It was a noisy old atmosphere in the stadium but Farrell confirmed post match to Miles Harrison that the noisier the surroundings the more he loves it. Small challenges are not for him and his team shows the same mettle.
Bear in mind Racing took the 25 match-winning home record of Toulon the previous week and had hit Agen for 40 the week before that; this was a serious team in serious form.
The first Racing try was a sublime forwards effort with off-loading done so accurately and at such pace that Saracens - England's best defence - had no idea of how to stop them. The fluidity of the French attack unnerved their defence which lost its shape as Juan Imhoff ran a mock with two spectacular tries.
Three tries in 20 minutes and Saracens were on the ropes but rugby is a matter of structure and intelligence as well as genius and the hosts were as stupid as they were wondrous, conceding soft after soft penalty.
Trailing by seven points at half time, I was sure Saracens would win, although this confidence might have been misplaced had Neil de Kock not produced the tap tackle of the season on Imhoff with the Argentine winger almost away.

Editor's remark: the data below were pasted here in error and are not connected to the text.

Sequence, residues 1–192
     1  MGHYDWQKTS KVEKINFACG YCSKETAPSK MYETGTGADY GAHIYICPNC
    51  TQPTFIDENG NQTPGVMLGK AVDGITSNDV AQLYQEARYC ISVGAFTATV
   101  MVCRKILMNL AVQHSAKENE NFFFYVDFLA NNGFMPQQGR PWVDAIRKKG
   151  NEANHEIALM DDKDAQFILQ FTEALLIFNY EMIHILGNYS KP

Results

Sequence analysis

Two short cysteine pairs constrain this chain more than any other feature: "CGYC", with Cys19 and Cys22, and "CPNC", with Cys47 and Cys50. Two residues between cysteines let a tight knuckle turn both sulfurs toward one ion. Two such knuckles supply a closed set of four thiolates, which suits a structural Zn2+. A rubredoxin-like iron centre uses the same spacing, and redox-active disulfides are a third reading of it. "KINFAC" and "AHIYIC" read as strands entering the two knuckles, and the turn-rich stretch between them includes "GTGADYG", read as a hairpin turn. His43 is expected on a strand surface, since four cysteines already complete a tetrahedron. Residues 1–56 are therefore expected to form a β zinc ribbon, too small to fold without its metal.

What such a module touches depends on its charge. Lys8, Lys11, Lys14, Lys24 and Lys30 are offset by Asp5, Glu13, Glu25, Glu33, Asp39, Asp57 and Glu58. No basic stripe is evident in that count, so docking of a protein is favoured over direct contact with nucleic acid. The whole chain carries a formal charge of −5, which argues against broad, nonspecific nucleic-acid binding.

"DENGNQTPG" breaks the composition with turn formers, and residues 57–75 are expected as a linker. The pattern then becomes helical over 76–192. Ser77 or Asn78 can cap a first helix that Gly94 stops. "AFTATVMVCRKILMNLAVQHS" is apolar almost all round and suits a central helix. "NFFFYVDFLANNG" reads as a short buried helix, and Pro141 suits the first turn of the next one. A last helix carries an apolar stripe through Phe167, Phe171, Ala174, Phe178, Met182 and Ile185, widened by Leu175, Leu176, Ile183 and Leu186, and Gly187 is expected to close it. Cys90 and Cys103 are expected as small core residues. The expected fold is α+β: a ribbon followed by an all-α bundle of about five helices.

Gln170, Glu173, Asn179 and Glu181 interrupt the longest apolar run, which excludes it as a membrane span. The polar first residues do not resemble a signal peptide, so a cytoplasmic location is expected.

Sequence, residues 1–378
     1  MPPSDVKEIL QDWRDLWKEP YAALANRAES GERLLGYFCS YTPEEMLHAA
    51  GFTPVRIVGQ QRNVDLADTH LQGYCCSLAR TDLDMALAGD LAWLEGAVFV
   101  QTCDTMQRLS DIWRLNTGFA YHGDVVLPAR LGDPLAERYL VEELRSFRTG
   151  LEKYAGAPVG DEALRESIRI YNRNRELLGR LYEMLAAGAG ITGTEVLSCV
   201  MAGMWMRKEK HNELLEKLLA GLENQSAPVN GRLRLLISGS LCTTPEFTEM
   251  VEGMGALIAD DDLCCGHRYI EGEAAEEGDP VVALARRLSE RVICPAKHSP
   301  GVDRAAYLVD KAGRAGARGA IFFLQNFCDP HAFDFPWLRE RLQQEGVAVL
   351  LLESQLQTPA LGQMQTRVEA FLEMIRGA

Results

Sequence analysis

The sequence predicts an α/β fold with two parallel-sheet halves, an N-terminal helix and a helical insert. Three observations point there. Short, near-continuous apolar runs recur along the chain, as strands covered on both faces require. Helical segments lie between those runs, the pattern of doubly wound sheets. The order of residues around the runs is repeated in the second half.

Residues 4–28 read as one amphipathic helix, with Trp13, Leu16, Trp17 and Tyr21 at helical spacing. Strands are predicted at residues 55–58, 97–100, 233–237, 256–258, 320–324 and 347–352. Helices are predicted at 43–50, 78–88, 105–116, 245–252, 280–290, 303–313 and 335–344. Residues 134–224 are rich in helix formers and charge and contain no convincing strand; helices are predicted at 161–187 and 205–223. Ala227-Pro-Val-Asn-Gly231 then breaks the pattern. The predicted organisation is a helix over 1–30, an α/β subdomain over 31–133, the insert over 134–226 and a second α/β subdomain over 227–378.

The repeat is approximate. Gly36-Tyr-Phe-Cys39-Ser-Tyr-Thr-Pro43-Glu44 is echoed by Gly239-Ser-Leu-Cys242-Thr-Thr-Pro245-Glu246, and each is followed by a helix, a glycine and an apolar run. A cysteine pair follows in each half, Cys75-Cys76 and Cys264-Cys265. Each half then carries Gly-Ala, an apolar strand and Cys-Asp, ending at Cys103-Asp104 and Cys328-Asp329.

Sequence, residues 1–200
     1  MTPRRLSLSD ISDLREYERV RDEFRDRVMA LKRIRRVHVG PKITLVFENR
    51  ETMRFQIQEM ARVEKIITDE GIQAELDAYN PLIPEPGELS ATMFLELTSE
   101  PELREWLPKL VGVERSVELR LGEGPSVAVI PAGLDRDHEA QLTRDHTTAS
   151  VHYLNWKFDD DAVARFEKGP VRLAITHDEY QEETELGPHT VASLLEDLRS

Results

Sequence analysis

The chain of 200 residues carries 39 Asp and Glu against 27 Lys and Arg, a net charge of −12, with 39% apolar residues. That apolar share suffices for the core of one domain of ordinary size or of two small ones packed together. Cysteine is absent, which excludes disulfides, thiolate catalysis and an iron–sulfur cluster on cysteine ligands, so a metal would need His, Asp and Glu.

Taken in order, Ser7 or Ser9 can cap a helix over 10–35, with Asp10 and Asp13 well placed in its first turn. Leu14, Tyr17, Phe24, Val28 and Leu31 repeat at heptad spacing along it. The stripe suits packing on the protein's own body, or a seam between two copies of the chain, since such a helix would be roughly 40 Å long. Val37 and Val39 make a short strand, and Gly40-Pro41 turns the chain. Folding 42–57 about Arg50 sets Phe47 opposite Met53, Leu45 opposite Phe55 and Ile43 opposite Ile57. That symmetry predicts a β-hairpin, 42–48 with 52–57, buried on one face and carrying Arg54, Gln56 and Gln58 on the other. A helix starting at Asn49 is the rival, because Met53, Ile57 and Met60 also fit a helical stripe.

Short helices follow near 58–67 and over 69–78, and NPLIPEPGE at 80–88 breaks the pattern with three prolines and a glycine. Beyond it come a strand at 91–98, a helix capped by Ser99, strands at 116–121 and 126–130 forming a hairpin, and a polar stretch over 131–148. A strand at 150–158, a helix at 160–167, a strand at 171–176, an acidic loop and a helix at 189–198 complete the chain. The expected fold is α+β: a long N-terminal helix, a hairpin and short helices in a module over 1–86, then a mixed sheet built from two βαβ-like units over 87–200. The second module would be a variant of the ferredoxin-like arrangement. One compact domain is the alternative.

It was a game of glorious contrasts, silken skill and raw determination. It was a pleasure to be there.
24 hours later and I saw another game with a similar script. Another English team that largely came off second best in terms of skill but power, pride and determination again came to their rescue.
Leicester didn't quite emulate Saracens. Like them, seven points down at the interval (but not outplayed in attack to anything like the same degree) they fought back to draw with the Ospreys.
The draw is just about as good as a win to the Tigers, but they must now beat Toulouse to win the pool. The draw would give the French the pool but Leicester would certainly settle for their position after the opening day 23-9 loss in Toulouse.